The public consultation on proposals to extend the Small Business Rate Relief (SBRR) scheme and, in parallel, to introduce a levy of 20% on the rates bill for large retail stores, has just ended.
Finance Minister Sammy Wilson must now decide whether to put firm proposals to the Assembly.
The central proposal is that the SBRR scheme would be widened to apply a 20% reduction to businesses with a net asset value (NAV) from £5,001 to £10,000. This would bring in an extra 9,000 premises and generate an average reduction of £730 each year and extend the reach of the SBRR to 25,000 businesses.
The trade-off, with neutral impact on the Stormont budget, would come from an extra rates levy on large retail businesses each of which has a NAV of over £500,000. On average, the 77 businesses in this category (controlled by 26 companies) would pay £85,000 more than at present.
In recent weeks some significant doubts about the merits of the possible change have been published. Some stem from contrasting judgments about the merits of trying to influence, or protect, decision making by retailers.
What is the purpose of the proposed scheme and are these objectives likely to be met within an acceptable cost structure? The Minister argues that the motivation is to create the right conditions for (economic) recovery.
The proposed scheme, whatever else, will change the incidence of business rates in favour of smaller businesses, whether in retailing or any other sector (including betting shops and bank branches, as opponents have emphasised). Switching rates charges towards large businesses, often multinationals, and away from smaller units, often family owned, would be a popular option, if there was no other economic logic.
There is a critical initial question to be asked. Is the current rating system already fair between different businesses? Distorting the answer produced from a fair calculation of NAV is adding an extra judgment to the equity in the NAV system.
To introduce a deliberate distortion of the rating system should be justified by other persuasive criteria.
Deliberate distortion might be justified if the NAV basis was inherently biased to disadvantage small firms. That contention does not seem to be justified.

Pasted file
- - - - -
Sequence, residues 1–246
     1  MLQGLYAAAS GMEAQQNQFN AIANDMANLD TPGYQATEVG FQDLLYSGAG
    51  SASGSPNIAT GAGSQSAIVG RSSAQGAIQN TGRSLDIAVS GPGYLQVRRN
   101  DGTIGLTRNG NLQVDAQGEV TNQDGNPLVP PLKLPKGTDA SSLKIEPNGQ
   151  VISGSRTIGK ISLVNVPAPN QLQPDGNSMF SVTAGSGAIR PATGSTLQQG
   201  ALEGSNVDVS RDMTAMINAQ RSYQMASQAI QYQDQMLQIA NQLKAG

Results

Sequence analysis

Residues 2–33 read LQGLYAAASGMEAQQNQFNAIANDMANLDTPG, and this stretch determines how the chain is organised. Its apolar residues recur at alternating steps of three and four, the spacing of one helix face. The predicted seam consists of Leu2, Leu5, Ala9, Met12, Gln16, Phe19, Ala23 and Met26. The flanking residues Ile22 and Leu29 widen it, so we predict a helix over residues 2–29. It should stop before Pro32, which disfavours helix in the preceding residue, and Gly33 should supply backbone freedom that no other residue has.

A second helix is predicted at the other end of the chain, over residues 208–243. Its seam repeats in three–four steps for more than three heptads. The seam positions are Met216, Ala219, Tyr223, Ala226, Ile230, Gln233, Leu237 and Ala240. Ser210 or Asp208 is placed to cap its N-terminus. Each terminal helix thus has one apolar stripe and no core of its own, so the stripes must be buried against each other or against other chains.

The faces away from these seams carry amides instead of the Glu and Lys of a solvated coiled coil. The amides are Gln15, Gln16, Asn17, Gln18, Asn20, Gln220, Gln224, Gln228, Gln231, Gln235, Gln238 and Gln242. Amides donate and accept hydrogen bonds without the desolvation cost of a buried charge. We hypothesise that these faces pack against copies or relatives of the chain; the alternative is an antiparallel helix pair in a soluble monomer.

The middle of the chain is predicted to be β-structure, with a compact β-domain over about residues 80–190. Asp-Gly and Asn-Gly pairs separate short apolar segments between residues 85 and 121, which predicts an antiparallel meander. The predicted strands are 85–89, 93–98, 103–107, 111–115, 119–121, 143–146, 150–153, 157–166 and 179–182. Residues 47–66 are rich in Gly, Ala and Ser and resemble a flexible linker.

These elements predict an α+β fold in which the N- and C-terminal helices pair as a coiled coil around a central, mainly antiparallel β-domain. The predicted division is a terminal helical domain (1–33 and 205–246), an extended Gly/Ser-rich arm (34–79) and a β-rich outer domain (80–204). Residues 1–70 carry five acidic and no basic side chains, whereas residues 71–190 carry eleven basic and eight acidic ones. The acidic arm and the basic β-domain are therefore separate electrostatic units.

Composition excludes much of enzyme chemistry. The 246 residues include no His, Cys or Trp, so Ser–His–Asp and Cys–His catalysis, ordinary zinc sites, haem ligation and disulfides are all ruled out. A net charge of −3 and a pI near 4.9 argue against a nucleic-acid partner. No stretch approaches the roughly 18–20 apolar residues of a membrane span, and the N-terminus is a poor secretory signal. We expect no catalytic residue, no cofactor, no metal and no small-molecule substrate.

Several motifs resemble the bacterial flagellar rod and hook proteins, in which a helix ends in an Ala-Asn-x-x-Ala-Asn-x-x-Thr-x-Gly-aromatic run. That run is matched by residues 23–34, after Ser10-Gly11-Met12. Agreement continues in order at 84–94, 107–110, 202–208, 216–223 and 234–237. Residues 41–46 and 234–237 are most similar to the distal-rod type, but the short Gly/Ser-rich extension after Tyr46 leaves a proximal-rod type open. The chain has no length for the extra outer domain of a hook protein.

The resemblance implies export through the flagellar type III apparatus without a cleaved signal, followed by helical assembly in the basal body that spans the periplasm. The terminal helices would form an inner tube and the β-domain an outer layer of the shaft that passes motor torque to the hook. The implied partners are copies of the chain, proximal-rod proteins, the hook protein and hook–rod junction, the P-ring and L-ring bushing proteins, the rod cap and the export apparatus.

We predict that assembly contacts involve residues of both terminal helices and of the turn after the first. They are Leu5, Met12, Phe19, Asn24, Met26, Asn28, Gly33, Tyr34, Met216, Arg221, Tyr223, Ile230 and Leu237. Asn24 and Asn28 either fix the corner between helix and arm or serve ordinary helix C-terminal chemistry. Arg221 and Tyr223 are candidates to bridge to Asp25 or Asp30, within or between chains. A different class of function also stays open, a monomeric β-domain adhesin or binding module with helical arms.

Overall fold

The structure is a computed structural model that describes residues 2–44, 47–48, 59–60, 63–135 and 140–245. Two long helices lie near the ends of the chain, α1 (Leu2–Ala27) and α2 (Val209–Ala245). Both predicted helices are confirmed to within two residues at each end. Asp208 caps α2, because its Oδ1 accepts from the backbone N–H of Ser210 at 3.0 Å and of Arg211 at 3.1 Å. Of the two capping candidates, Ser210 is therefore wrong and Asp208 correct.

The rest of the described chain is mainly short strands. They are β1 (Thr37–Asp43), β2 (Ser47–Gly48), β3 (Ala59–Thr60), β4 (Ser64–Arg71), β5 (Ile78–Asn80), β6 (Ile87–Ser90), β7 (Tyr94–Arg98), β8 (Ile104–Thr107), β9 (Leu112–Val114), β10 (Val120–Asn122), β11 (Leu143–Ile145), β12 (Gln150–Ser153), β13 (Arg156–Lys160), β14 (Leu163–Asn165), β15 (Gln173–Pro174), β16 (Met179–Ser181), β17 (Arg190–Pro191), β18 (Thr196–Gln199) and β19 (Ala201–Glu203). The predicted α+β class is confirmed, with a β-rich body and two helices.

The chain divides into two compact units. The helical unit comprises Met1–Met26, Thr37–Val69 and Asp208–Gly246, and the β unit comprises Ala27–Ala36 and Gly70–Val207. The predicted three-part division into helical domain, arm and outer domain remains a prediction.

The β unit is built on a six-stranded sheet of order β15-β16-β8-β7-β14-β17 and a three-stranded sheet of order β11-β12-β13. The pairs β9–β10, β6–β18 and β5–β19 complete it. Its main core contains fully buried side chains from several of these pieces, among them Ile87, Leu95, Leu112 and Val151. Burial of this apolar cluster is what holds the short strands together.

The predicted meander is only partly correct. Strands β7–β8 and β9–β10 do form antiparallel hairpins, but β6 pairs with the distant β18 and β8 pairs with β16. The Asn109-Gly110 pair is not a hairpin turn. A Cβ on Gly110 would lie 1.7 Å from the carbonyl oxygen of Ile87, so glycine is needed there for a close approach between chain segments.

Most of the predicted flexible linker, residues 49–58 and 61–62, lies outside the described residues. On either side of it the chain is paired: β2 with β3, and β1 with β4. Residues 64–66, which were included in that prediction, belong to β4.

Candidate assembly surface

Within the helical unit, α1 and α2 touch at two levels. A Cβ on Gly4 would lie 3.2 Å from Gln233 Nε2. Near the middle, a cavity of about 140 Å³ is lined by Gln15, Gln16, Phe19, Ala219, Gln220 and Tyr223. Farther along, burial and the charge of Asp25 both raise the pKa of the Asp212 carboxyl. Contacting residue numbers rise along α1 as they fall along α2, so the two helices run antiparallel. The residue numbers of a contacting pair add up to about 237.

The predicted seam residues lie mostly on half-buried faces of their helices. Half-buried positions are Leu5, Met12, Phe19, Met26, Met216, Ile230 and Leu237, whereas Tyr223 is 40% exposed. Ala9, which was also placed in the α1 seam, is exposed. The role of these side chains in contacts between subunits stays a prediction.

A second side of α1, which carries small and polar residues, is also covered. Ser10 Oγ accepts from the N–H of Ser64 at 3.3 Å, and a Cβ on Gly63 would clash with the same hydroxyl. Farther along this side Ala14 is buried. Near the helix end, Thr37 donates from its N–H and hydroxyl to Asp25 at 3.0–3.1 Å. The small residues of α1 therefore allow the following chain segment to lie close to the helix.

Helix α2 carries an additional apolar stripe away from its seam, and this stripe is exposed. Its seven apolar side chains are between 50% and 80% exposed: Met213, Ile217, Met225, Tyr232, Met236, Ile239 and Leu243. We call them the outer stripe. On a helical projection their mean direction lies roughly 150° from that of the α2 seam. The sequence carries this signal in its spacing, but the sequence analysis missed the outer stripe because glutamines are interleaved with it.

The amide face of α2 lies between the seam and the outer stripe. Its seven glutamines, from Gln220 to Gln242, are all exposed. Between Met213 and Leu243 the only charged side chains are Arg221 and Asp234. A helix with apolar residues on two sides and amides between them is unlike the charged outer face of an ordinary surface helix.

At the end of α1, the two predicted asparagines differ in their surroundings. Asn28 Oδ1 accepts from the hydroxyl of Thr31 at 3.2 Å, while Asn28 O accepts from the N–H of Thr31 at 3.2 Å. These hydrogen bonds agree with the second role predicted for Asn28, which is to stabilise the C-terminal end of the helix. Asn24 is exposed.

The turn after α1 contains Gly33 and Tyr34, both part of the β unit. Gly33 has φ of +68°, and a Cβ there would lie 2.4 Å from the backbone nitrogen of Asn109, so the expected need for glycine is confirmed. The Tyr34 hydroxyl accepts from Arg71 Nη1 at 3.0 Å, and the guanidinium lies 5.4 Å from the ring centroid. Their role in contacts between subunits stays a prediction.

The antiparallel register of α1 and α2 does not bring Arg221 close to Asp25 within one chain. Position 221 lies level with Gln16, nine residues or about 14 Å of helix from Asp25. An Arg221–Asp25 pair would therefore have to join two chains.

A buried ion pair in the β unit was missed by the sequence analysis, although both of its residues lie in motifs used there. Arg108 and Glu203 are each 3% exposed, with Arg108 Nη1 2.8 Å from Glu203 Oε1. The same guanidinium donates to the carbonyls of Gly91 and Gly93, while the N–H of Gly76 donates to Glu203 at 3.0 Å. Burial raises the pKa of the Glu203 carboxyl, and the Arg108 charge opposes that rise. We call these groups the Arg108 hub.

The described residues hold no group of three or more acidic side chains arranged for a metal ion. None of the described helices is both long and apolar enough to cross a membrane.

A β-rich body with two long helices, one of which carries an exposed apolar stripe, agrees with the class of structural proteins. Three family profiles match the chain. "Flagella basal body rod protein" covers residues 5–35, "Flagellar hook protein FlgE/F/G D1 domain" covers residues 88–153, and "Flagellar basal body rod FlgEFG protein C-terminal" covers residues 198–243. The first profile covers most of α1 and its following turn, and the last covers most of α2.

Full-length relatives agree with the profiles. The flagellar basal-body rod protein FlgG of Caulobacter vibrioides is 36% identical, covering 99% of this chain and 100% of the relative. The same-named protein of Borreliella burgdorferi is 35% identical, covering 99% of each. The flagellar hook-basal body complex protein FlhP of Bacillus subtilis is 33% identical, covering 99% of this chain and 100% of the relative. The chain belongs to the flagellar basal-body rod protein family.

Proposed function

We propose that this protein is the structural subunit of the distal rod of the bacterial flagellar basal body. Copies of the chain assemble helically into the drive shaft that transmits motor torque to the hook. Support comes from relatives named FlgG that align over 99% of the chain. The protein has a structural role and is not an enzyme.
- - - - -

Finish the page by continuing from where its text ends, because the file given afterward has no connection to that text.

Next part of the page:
Deliberate distortion might be justified if, despite the judgments setting NAV, larger retail stores were proportionately more profitable for their investors. However, deliberately increasing higher rates, because large firms may be more profitable, smacks of a distortion of competition. A complaint to the European Commission might be sympathetically considered.
The rationale for the minister's proposals is not compelling.
There are references to discouraging large out of town shopping centres in an effort to give town centres some extra support. The support for town centres argument is vulnerable on several counts.
First, it is inaccurate. The levy on large retailers applies regardless of locations and only marginally places more of the extra cost on out-of-centre stores.
If penalising out-of-centre locations is the objective, it is an inefficient device and, also, opens the prospect of claims of unfair interference with competition.
Perhaps more critically, if there is an effort to bring more business into town centres, away from out-of-town locations, then the starting point should be planning guidelines which have been properly approved. The focus for policy should be to correct the present inadequate planning policies and procedures (which should take more account of the logic of market forces).
To its credit, the CBI has made this challenge in its technical evidence. The CBI plea for the creation of business improvement districts (with agreed objectives and powers) is to be commended.
The minister's proposals make a well structured rating system more complicated and less objective. Whilst the proposals are aimed at extra support for small businesses, the impact would be small and immeasurable.
T'were better left undone - back to square one for a fresh think.